Wayne's world remembered


“Wayne’s world,” said English professor James K. Chandler, AM’72, PhD’78, is how the undergraduates he inherited from his colleague Wayne Booth for part 3 of a three-course sequence described the class they’d had for the previous two quarters. It was a place “where you could say anything you liked, as long as you got the tone right, but you could claim only what you had the evidence” to support.

Chandler was one of ten speakers (colleagues, friends, and family) at a March 9 memorial service for Booth, AM’47, PhD’50, the George M. Pullman distinguished service professor emeritus in English, who died October 10 at age 84.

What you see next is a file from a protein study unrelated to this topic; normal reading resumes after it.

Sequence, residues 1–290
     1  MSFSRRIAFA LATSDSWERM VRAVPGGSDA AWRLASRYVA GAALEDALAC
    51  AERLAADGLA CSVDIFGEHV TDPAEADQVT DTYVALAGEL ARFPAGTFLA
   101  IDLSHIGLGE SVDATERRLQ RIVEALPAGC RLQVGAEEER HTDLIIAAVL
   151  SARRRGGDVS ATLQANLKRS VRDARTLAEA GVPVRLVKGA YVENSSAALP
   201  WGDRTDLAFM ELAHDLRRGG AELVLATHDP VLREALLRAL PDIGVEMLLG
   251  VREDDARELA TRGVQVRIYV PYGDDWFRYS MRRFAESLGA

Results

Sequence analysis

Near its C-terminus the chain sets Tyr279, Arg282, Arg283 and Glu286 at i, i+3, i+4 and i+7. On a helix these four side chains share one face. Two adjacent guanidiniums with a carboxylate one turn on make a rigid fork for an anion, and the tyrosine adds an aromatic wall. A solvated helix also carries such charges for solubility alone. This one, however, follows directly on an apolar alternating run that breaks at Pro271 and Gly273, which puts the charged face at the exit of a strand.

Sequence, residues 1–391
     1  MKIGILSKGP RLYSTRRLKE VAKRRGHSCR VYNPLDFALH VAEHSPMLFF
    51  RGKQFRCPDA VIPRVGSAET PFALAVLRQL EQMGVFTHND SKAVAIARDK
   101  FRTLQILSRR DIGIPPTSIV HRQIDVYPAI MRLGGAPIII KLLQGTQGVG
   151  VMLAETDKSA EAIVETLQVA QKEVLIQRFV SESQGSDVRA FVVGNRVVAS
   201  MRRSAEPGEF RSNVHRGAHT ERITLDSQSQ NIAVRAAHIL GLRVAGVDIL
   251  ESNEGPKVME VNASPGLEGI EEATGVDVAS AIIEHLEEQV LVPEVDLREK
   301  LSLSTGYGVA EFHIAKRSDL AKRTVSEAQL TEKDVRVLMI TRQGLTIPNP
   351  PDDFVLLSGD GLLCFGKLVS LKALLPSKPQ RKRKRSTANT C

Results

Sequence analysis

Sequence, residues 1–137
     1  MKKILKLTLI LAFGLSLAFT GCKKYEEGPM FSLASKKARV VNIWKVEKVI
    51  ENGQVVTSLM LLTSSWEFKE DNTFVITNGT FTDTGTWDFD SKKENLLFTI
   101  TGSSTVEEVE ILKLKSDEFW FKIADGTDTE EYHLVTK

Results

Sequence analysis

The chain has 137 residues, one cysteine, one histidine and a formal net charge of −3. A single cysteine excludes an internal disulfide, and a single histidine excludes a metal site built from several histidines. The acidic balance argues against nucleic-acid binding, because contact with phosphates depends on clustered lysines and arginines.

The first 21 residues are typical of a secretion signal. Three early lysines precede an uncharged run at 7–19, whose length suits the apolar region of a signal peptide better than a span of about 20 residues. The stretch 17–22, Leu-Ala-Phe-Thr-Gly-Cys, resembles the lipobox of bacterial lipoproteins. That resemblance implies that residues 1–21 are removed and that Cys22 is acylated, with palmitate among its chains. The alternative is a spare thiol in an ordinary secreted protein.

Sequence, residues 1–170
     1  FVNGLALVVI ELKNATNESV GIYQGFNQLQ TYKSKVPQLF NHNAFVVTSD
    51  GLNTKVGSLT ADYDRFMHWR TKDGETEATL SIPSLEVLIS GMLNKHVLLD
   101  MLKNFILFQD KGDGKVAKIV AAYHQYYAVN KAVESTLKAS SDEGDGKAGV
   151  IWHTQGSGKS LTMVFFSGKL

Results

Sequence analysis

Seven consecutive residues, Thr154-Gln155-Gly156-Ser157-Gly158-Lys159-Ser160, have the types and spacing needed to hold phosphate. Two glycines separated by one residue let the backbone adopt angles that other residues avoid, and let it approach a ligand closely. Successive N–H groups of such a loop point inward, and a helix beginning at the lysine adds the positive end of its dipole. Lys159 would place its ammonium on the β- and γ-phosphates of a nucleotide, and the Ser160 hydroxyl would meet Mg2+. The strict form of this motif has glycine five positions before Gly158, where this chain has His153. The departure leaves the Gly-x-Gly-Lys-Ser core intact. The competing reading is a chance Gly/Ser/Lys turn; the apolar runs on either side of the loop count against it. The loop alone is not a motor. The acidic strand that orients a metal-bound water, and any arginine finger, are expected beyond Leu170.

The speakers’ claims for Booth’s prowess as teacher, thinker, listener, and inspired amateur were well buttressed by the evidence: founder of the journal Critical Inquiry, author of lit-crit classics (The Rhetoric of Fiction, to name one), a Quantrell Award-winning teacher, and a lifelong musician who played the cello with middling skill and exceptional enjoyment.

The Rockefeller Chapel service, book-ended with chamber music by the Pacifica Quartet, featured Booth’s own voice, both in selections from his memoir My Many Selves, read by daughter Alison Booth and in a 1999 radio interview on the publication of For the Love of It: Amateuring and Its Rivals. Asked why he played the cello, knowing he played it less than perfectly, Booth credited wife Phyllis and his more musical friends: “They didn’t say, ‘Stop.’”


In 1997 Wayne Booth was honored as one of eight University emeritus faculty to receive the Alumni Association's Norman Maclean Faculty Awards, recognizing their extraordinary contributions to teaching and to the student experience of life on campus. Photo by Matthew Gilson.

March 12, 2006